The Football Association (FA) is the governing body of association football in England and the Crown dependencies of Jersey, Guernsey, and the Isle of Man. Formed in 1863, it is the oldest football association in the world and is responsible for overseeing all aspects of the amateur and professional game in its territory.
The FA sanctions all competitive football matches within its remit at national level, and indirectly at local level through the county football associations. It runs numerous competitions, the most famous of which is the FA Cup. It is also responsible for appointing the management of the men's, women's, and youth national football teams.
The FA is a member of both UEFA and FIFA and holds a permanent seat on the International Football Association Board (IFAB) which is responsible for the Laws of the Game. As the first football association, it does not use the national name "English" in its title. The FA is based at Wembley Stadium, London. The FA is a member of the British Olympic Association, meaning that the FA has control over the men's and women's Great Britain Olympic football team.1
All of England's professional football teams are members of the Football Association. Although it does not run the day-to-day operations of the Premier League, it has veto power over the appointment of the League Chairman and Chief Executive and over any changes to league rules.2 The English Football League, made up of the three fully professional divisions below the Premier League, is self-governing, subject to the FA's sanctions.
Laws of the Game
For centuries before the first meeting of the Football Association in The Freemasons' Tavern on Great Queen Street, London on 26 October 1863, there were no universally accepted rules for playing football. Six meetings near London's Covent Garden, at 81-82 Long Acre,5 ended in a split between the Football Association and what would have become the future rugby ten years later.6 Both of them had their own uniforms, rituals, gestures and highly formalised rules.
In each public school the game was formalised according to local conditions; but when the schoolboys reached university, chaos ensued when the players used different rules, so members of the University of Cambridge devised and published a set of Cambridge Rules in 1848 which was widely adopted.Another set of rules, the Sheffield Rules, was used by a number of clubs in the North of England from the 1850s.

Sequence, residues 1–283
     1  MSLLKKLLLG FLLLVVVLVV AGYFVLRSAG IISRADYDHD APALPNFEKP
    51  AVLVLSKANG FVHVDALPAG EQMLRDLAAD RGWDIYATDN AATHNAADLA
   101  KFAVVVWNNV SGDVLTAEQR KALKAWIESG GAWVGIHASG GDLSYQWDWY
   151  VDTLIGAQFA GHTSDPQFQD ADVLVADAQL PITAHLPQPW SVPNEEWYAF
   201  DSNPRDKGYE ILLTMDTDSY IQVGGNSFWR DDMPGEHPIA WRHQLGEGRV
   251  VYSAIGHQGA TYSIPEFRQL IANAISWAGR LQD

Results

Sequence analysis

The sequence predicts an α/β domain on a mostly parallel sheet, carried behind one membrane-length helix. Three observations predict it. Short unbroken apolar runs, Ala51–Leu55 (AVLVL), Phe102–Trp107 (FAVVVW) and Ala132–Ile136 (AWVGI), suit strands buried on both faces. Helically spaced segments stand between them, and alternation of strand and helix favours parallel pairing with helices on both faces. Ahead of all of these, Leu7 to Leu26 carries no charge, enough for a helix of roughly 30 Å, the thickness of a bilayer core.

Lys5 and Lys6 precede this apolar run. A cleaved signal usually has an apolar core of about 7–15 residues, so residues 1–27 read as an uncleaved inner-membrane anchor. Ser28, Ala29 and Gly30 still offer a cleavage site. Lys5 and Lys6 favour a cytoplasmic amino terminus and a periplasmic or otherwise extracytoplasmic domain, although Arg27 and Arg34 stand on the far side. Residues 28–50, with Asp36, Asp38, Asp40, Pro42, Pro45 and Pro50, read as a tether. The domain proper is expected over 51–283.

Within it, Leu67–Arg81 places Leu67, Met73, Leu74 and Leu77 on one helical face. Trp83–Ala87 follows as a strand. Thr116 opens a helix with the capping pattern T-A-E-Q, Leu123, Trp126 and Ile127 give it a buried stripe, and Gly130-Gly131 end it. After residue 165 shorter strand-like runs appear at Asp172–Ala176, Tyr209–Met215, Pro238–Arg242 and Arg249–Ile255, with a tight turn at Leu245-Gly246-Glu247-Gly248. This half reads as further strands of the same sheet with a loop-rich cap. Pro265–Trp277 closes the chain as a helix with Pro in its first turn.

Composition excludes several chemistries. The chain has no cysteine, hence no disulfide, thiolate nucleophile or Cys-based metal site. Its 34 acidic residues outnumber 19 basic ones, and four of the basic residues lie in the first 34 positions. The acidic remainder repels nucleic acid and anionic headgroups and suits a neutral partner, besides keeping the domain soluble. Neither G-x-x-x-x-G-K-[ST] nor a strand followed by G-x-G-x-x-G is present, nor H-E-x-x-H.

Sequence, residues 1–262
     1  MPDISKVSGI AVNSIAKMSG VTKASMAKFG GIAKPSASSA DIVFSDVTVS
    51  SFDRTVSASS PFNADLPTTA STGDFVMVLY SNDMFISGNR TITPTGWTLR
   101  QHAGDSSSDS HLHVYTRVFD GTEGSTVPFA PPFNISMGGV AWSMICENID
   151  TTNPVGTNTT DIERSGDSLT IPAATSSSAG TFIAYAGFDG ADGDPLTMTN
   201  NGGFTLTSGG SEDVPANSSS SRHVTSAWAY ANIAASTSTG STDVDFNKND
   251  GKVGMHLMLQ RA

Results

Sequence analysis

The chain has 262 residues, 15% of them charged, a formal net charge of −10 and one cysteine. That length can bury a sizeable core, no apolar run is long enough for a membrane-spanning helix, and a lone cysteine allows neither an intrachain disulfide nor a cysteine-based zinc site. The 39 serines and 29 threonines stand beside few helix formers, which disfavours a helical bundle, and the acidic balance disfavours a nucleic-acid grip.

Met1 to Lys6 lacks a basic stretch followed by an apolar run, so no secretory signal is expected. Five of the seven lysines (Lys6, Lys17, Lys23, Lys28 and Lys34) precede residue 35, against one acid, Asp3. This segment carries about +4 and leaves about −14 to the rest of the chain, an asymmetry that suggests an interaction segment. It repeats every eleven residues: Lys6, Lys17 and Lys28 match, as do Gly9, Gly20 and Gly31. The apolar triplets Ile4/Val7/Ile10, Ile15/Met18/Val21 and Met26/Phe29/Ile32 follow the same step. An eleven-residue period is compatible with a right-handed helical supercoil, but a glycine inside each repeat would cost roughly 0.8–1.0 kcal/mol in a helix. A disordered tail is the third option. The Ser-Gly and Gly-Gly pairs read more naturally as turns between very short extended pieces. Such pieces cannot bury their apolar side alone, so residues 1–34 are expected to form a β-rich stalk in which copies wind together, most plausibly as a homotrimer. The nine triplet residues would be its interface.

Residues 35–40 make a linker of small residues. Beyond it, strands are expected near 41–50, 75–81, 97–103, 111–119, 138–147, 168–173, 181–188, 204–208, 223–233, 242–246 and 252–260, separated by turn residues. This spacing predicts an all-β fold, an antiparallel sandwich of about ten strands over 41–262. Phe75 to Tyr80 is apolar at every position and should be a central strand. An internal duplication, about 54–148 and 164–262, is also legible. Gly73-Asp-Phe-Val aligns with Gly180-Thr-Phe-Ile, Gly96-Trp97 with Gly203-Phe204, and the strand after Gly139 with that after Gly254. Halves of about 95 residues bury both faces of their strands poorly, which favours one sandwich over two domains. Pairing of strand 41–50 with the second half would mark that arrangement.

Eleven London football clubs and schools representatives met on 26 October 1863 to agree on common rules.34 The founding clubs present at the first meeting were Barnes, Civil Service, Crusaders, Forest of Leytonstone (later to become Wanderers F.C.), N.N. (No Names) Club (Kilburn), the original Crystal Palace, Blackheath, Kensington School, Perceval House (Blackheath), Surbiton and Blackheath Proprietary School; Charterhouse sent their captain, B.F. Hartshorne, but declined the offer to join.8 Many of these clubs are now defunct or play rugby union. Civil Service FC, who now plays in the Southern Amateur League, is the only one of the original eleven football clubs still in existence and playing Association Football.4 although Forest School has been a member since the fifth meeting in December 1863.
Central to the creation of the Football Association and modern football was Ebenezer Cobb Morley. He was a founding member of the Football Association in 1863. In 1862, as captain of Barnes, he wrote to Bell's Life newspaper proposing a governing body for the sport that led to the first meeting at The Freemasons' Tavern that created the FA.4 He was the FA's first secretary (1863-66) and its second president (1867-74) and drafted the Laws of the Game generally called the "London Rules" at his home in Barnes, London. As a player, he played in the first-ever match in 1863.
Photo of an early handwritten draft of the 'Laws of the game' for association Football drafted for and behalf of The Football Association by Ebenezer Cobb Morley in 1863 on display at the National Football Museum, Manchester.
The first version of the rules for the modern game was drawn up over a series of six meetings held in The Freemasons' Tavern from October till December.4 Of the clubs at the first meeting, Crusaders, Surbiton and Charterhouse did not attend the subsequent meetings, replaced instead by the Royal Navy School, Wimbledon School and Forest School.
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